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Journalism

The use of social media and disintermediated communication by politicians and the impact on the fact-checking, gate-keeping and agenda-setting functions of political journalism

The ways in which political actors communicate with electorates are changing and having unpredictable impacts on political journalism. Increasingly Facebook, Twitter and Snapchat are the places in which political campaigns are won and lost. But as politicians begin to curate their own audiences, how do political journalists ensure fairness, balance and accuracy in their coverage? It has become axiomatic to say elections have moved into a post-truth environment and that the echo-chamber effect means increasing polarisation of opinion, but what does that mean for the democratic process? This project will undertake a quantitative analysis of the use of Facebook and online video during the UK’s 2015 General Election and the Labour party leadership campaign of 2016. It will also feature a range of qualitative interviews with political actors and political journalists.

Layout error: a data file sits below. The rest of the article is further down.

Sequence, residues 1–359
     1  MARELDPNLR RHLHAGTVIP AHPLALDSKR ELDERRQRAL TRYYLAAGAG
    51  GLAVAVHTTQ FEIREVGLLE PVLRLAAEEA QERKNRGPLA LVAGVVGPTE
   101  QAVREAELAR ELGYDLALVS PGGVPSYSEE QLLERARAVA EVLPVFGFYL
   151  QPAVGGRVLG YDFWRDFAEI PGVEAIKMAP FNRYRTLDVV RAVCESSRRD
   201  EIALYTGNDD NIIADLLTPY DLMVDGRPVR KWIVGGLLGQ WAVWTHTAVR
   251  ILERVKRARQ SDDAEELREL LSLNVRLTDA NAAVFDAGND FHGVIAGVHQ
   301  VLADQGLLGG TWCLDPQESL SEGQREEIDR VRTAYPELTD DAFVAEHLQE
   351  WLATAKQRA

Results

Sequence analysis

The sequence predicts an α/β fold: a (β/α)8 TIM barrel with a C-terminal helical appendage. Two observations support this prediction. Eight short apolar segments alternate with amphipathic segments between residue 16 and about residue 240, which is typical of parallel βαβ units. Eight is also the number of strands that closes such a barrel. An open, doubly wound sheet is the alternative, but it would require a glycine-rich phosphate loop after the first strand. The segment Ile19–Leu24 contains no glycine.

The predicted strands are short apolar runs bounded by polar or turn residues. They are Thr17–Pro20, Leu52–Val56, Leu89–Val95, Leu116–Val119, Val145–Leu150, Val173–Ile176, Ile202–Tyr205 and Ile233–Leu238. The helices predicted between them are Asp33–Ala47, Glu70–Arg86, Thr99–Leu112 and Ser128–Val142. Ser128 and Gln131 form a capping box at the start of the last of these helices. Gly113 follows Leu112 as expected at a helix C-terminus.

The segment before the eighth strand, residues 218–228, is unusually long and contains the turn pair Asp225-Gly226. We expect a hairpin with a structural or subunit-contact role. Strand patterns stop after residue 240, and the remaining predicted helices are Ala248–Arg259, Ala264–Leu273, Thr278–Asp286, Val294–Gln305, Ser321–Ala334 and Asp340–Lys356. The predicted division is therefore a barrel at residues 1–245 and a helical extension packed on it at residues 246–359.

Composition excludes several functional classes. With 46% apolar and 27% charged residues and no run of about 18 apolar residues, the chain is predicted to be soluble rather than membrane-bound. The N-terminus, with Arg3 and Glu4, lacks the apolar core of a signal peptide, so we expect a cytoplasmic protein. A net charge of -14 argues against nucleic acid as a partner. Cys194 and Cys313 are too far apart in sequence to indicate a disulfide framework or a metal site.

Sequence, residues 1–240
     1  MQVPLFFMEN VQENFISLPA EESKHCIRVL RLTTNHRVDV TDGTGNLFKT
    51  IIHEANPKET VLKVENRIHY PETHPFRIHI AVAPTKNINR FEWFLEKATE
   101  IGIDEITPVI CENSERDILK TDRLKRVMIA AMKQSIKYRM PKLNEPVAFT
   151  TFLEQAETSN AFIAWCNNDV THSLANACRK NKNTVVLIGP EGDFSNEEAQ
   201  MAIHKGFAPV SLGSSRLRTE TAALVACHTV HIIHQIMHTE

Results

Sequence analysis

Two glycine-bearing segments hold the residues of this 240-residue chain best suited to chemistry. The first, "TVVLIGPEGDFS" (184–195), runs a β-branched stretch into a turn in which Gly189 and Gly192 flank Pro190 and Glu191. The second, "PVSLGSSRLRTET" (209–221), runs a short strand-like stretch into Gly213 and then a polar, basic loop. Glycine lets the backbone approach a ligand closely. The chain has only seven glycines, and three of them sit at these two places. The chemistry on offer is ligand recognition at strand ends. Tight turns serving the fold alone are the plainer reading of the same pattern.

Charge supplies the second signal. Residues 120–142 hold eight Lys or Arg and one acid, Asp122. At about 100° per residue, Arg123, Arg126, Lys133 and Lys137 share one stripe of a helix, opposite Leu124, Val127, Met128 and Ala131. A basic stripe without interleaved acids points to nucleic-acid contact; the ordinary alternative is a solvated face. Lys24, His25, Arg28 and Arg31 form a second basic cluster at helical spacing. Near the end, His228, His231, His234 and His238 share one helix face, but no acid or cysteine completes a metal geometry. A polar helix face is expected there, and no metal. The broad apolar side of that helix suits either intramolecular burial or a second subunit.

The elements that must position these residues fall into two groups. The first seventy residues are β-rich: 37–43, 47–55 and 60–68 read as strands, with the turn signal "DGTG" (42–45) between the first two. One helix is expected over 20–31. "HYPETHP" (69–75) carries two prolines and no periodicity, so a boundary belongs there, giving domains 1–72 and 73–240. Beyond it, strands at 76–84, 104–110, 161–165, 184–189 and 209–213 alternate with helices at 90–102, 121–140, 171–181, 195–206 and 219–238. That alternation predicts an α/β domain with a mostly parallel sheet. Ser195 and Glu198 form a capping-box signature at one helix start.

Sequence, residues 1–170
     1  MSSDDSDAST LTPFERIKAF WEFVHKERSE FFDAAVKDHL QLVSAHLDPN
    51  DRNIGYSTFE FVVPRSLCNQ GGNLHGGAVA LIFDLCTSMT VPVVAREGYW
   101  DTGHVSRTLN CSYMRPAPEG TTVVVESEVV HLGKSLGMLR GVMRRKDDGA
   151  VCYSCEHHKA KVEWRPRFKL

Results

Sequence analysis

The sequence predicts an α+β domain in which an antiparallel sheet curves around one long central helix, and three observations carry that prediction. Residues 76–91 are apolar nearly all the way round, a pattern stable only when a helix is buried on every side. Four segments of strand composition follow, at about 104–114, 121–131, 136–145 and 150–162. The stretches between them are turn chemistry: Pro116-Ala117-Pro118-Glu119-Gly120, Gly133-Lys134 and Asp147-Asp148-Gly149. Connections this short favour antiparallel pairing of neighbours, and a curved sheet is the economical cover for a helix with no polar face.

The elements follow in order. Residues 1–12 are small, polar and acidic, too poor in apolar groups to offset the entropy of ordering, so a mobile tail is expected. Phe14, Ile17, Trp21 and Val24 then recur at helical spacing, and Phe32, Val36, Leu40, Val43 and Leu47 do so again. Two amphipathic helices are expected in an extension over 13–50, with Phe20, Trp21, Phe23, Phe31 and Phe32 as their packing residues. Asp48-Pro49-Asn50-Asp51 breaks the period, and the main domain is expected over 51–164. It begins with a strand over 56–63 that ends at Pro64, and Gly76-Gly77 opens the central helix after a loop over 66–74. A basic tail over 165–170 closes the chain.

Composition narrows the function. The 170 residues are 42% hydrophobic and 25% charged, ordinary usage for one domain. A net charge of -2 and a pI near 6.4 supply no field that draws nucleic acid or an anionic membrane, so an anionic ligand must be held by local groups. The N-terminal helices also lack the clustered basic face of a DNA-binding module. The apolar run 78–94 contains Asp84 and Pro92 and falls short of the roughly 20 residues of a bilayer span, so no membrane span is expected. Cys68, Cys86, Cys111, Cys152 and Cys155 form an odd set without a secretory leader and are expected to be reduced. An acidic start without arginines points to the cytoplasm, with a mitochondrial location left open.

Subject: Journalism

Research Centre: Centre for Law, Justice & Journalism